Overcoming Personal and Legal Challenges

Overcoming Personal and Legal Challenges

  1. Home
  2.  » 
  3. Bankruptcy
  4.  » How does bankruptcy affect your credit scores?

How does bankruptcy affect your credit scores?

Filing for bankruptcy can lead to significant changes in one’s financial life. You may wonder how it impacts your credit scores.

Understanding how bankruptcy affects a credit score helps individuals prepare for the consequences and plan for financial recovery.

Lowered credit scores

When someone files for bankruptcy, credit bureaus receive a notification, and the bankruptcy entry appears on the credit report. This entry significantly lowers the person’s credit score because it signals to creditors that the individual has defaulted on many financial obligations. Typically, a bankruptcy can reduce a credit score by 100 to 200 points. This will vary based on the credit status before bankruptcy.

Duration of bankruptcy’s impact

Bankruptcy remains on a credit report for different lengths of time depending on the type of bankruptcy filed. A Chapter 13 bankruptcy stays on the report for seven years, while a Chapter 7 bankruptcy remains for ten years. During this time, the bankruptcy will continue to affect the credit score, but its impact lessens as the years pass, especially if the individual engages in positive financial behaviors.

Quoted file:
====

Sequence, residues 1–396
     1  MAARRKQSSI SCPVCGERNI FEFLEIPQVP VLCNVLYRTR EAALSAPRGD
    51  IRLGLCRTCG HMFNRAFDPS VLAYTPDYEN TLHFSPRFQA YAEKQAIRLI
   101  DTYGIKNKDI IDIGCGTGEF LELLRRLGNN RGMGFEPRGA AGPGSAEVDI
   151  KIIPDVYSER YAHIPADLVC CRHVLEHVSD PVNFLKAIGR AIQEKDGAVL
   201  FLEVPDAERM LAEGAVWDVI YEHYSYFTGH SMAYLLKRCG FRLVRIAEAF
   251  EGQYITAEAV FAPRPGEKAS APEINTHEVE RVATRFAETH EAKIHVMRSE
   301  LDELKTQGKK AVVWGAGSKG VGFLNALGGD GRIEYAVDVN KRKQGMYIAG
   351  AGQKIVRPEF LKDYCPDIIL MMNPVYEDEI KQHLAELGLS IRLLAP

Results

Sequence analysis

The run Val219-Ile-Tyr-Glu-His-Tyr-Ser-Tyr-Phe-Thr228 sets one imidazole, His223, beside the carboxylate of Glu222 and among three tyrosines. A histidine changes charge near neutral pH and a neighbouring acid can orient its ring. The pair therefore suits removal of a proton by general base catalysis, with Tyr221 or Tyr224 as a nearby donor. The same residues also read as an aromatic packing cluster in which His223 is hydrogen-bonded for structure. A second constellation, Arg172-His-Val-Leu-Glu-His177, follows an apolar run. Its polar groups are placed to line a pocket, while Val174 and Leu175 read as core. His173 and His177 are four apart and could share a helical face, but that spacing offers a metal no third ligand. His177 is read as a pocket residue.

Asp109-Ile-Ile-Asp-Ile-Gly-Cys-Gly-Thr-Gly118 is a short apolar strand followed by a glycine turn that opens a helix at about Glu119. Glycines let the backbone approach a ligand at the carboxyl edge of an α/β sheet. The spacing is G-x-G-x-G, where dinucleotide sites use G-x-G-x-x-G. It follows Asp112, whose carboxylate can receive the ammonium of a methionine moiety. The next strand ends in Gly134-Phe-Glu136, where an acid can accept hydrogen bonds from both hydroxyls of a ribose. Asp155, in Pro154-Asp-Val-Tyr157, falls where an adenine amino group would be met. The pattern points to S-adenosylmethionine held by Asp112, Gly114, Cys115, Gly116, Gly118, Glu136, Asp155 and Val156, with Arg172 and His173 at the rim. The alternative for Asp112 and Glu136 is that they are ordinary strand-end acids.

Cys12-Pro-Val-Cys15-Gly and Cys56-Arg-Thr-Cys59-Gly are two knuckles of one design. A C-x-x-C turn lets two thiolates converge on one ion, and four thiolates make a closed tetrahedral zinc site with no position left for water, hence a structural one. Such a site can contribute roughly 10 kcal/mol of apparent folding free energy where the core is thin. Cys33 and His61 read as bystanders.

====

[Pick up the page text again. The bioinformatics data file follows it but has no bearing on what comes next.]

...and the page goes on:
Recovery from bankruptcy

Recovering from bankruptcy involves a deliberate approach to rebuilding credit. Getting a secured credit card, becoming an authorized user on another person’s card and ensuring all bills are paid on time and in full can help. These actions demonstrate to creditors that the individual is managing their financial responsibilities well, despite the previous bankruptcy.

Long-term effects on borrowing

The long-term effects of bankruptcy on credit scores include increased interest rates on loans and credit cards. You may have some difficulty securing loans, and may also see higher insurance premiums. Lenders see individuals with a bankruptcy history as high-risk borrowers, which often results in less favorable loan terms. However, as individuals continue to engage in positive financial activities and the bankruptcy ages, they can gradually restore their credit.

While bankruptcy can severely affect one’s credit score, understanding and adopting the right financial behaviors can aid in the recovery process. Individuals can gradually improve their credit scores and reduce the impact over time.